Tuesday, November 17, 2009
It is with sadness that the Ministry of Defence must confirm the death of Rifleman Andrew Ian Fentiman from 7th Battalion The Rifles (7 RIFLES), attached to the 3 RIFLES Battle Group.
Rifleman Andrew Fentiman was killed as a result of small arms fire whilst on a foot patrol near Sangin in central Helmand province during the morning of 15 November 2009.
Rifleman Andrew Ian Fentiman
Rifleman Andrew Ian Fentiman was born in Cambridge on 29 July 1986. He joined 7 RIFLES as a Potential Officer in 2007 following two years at East Midlands University Officer Training Corps. Having volunteered to serve with the 3 RIFLES (3rd Battalion The RIFLES) Battle Group, he completed an assault pioneer course in May before being mobilised in June 2009.
Rifleman Fentiman attended the Reserves Training and Mobilisation Centre in Chilwell before joining A Company, 3 RIFLES, during pre-deployment training. He quickly proved his mettle, earning high praise from OPTAG (Operational Training and Advisory Group) training staff for his reactions during a demanding exercise in Norfolk.
In civilian life he read Mechanical Engineering at the University of Leicester before becoming a regional sales manager for Team Studio Ltd, a software firm based in Huntingdon. He intended to return to his civilian job after he had completed his tour of duty.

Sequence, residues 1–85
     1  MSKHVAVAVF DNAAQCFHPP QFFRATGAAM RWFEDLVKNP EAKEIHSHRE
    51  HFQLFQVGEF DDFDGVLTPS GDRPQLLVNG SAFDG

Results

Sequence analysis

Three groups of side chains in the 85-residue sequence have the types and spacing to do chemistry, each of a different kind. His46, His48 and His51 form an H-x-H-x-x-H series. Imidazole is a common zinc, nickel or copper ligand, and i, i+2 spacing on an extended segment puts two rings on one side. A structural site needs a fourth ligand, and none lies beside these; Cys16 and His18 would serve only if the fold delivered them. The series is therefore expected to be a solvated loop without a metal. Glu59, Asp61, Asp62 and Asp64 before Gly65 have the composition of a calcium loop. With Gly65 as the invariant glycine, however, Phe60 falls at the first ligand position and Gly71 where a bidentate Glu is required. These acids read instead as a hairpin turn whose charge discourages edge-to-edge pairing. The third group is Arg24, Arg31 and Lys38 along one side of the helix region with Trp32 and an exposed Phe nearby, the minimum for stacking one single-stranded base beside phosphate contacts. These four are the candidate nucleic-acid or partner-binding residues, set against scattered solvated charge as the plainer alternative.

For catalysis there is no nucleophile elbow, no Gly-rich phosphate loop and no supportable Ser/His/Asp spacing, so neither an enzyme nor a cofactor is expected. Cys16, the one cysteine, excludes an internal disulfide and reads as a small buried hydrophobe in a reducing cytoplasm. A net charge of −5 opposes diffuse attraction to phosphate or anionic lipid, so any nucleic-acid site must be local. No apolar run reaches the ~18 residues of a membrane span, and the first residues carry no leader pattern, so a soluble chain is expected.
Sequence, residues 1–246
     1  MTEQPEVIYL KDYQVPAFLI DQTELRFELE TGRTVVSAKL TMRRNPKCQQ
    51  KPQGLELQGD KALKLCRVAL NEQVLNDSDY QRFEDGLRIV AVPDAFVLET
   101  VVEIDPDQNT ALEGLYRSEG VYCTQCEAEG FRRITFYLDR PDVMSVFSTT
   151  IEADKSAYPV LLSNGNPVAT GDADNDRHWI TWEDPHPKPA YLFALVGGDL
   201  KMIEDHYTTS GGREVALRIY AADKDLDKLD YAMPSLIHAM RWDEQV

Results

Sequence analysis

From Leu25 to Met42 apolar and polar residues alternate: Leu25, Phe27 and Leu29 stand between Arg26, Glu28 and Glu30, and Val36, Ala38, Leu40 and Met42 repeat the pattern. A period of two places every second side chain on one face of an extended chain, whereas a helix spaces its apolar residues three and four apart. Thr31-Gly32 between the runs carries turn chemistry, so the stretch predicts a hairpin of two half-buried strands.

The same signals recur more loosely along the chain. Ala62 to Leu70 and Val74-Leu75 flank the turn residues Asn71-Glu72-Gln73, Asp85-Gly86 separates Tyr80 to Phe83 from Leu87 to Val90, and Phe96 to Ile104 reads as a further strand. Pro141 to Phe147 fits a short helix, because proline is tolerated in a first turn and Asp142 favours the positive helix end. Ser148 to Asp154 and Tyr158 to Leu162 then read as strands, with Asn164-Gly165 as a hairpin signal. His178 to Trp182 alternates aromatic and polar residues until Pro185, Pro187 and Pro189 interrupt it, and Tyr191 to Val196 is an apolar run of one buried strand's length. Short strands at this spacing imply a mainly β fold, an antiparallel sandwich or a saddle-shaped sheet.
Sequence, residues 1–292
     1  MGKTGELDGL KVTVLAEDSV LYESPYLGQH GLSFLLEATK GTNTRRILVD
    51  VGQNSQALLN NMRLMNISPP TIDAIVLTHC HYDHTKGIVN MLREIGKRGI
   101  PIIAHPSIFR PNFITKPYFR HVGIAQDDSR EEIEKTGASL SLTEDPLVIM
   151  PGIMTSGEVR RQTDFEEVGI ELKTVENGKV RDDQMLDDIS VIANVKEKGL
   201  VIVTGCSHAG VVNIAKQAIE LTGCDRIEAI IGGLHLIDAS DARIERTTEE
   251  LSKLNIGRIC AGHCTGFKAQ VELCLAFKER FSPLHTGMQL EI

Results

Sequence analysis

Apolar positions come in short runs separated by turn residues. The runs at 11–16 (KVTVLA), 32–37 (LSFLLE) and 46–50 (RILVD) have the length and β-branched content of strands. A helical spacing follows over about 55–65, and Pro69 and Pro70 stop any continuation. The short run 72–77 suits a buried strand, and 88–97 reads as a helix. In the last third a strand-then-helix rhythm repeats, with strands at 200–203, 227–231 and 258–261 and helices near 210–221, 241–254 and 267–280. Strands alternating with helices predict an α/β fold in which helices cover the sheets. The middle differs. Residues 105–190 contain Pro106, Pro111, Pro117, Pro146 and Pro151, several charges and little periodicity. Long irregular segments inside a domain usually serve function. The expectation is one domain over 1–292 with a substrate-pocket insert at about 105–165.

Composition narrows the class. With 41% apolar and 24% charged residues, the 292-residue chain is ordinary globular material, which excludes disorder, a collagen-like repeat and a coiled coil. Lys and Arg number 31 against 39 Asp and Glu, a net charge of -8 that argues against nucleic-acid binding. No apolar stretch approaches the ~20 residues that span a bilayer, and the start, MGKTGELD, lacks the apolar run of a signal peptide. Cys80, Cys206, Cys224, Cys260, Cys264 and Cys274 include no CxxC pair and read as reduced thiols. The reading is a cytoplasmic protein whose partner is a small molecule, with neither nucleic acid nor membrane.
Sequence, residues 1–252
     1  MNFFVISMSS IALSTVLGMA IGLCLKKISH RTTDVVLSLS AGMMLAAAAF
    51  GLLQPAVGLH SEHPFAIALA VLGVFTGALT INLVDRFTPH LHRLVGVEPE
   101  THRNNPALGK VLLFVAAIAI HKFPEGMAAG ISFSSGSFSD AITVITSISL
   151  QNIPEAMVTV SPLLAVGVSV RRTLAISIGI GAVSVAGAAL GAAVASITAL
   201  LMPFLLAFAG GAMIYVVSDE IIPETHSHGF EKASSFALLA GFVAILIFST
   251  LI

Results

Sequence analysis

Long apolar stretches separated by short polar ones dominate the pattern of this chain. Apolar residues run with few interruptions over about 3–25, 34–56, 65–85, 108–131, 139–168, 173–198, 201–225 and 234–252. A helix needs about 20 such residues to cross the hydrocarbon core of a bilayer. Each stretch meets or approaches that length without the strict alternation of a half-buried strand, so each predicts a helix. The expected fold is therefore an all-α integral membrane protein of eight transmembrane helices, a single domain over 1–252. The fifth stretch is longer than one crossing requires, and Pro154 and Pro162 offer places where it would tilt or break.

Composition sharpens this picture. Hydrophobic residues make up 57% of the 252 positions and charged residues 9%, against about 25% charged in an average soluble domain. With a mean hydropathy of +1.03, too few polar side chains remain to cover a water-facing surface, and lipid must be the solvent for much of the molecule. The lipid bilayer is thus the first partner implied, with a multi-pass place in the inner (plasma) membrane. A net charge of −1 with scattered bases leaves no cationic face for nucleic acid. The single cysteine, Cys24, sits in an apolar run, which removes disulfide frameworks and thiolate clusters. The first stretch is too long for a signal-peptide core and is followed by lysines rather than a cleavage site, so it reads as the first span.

Rifleman Fentiman was killed by enemy fire during a foot patrol in Sangin, Afghanistan. The patrol was tasked with interdicting enemy activity and reassuring local nationals. He leaves his parents, Kevin and Lynda, a brother, Adam, and a sister, Elizabeth.
Lieutenant Colonel Nick Kitson, Commanding Officer, 3 RIFLES Battle Group, said:
"Rifleman Andrew Fentiman was one of the welcome volunteers from our Territorial Army [TA] brethren, in this case 7 RIFLES, who have answered the call to come out to Afghanistan with us. It was an honour and a great act of commitment that he chose to accompany us and share the burden.
"A real ambassador for the great British public that supports us so well, he was up for the challenge and gave of himself selflessly. A university graduate, he was something of a novelty to his platoon. Bright and enthusiastic, he fitted in instantly. I have infinite respect for the commitment and sacrifice of this brave Rifleman who had so many opportunities ahead of him yet chose first to serve his country and his regiment. He was liked and respected by all and will be sorely missed as he now makes his way home to his family. Our thoughts are with them and all of his loved ones at this most difficult time."